“Bloom Like Flowers”

There is more than likely not one person who hasn’t heard of the disaster that has befallen Japan recently. An 8.9 earthquake triggered a tsunami, which has created more destruction than the initial earthquake itself. 1,000’s of lives have been lost, villages have been destroyed. Like the tsunami in Indonesia in 2004, which was the worst tsunami to date, people’s sense of comfort and normalcy has been changed forever.

My heart is with those affected by this disaster. I could never imagine something like this, but the fact of the matter is, we never know. The Earth does not discriminate and a natural disaster of this magnitude can happen anytime, anywhere.

Here on Cape Cod we don’t have to worry about earthquakes so much, but we do get the frequent hurricanes and we deal with blizzards on occasion. In 1991 we had one of the more destructive hurricanes to hit the area, Hurricane Bob. While the loss of life was minuscule compared to other tragedies, for a small community like ours it was crippling. We only have two ways to get off of Cape Cod, and they are bridges. Before Hurricane Bob hit, there was an 11 mile back at the Sagamore Bridge. People were panicked and there was a good amount of disorder. In the end, we bounced back, as communities usually do after dealing with disasters.

I was reading Marguerite’s post over at Mind Deep, titled “Up In Flame” and was humbled by what she had to say. She creates a small list, which we Buddhists are good at making, but what she says at the end is truly striking, “You and I are on shaky ground, literally, and figuratively. A most uncomfortable place, and the source of much suffering. And why we need to keep on practicing to free ourselves from the prison of conditioned happiness.” I don’t think anyone could say it better.

There are tons of things we take for granted every day. Our false sense of safety being the largest of them all. It’s not just a natural disaster that could strike though. It could be a car wreck or a fall down the stairs. We could be out to dinner and find ourselves choking, gasping for our breath. You could be out at the grocery picking up some milk and find yourself in the middle of a hold-up and the next thing you know you’ve been shot.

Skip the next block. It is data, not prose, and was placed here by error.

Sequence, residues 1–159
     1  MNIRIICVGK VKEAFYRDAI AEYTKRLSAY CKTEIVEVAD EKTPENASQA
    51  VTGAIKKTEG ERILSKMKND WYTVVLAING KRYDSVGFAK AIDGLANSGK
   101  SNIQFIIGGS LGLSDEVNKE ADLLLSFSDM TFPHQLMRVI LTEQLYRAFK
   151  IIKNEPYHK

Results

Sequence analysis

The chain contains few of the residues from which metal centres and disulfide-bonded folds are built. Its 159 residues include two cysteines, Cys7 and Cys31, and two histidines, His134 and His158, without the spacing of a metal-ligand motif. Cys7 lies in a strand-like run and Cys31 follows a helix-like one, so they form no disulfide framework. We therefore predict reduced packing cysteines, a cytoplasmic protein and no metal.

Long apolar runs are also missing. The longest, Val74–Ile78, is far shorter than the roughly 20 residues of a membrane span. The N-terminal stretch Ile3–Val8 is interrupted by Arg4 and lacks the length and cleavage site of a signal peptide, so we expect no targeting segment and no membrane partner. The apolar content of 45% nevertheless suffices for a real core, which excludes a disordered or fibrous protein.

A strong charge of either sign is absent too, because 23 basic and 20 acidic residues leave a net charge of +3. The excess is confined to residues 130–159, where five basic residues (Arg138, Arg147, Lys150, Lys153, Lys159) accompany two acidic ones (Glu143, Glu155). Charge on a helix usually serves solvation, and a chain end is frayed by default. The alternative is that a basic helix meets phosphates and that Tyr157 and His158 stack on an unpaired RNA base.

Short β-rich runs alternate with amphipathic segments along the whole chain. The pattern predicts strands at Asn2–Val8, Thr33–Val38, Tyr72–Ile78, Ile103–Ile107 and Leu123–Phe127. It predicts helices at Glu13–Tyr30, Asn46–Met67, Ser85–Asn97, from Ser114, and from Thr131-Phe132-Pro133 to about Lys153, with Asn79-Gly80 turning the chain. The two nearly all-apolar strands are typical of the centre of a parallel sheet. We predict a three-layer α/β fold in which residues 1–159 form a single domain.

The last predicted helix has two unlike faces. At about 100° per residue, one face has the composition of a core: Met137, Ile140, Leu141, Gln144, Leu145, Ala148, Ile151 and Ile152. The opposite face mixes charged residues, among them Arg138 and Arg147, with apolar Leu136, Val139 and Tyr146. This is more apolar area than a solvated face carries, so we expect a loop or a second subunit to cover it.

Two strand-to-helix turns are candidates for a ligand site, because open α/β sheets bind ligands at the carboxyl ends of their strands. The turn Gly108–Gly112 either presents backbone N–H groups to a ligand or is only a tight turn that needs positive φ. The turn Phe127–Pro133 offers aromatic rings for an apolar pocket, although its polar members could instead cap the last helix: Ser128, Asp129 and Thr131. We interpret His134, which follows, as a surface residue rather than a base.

While some of those might be extreme, like a natural disaster, we never know when we are going to be faced with such adversity. It’s important that we appreciate every single moment of our lives, especially this moment right now.

Hug your children.

Tell your significant other you love them.

Let your family members know how much they mean to you.

Be grateful for everything you have in your life, you never know when it’ll be gone and the opportunity to appreciate it will be lost as well.

Thich Nhat Hanh said “The most precious gift we can offer others is our presence. When mindfulness embraces those we love, they will bloom like flowers.” It is my hope, that offering our presence to Japan, they will be able to “bloom like flowers” and they will bounce back from this.


  1. Things like this sure do remind us of who and what matters most. The trick, I guess, is to cultivate that awareness on a moment by moment basis in times of less suffering as well as in times of crisis. Great post — full of compassion, which is just what we all need. The Japanese most but this has shaken us all (no pun intended).

  2. Beautiful post Nate, I cannot even imagine what people in Japan are going through. We create a world that is anchored in a false sense of security, then a disaster happens and we do not know what to do or how to respond.
    Our lives are very fragile and that makes every moment we are alive the more amazing. Instead of chasing “extraordinary” achievements, we need to ground ourselves and understand that just the act of breathing is something extraordinary, love is extraordinary, being present for the world is extraordinary.
    My heart goes to the people that are facing this disaster.

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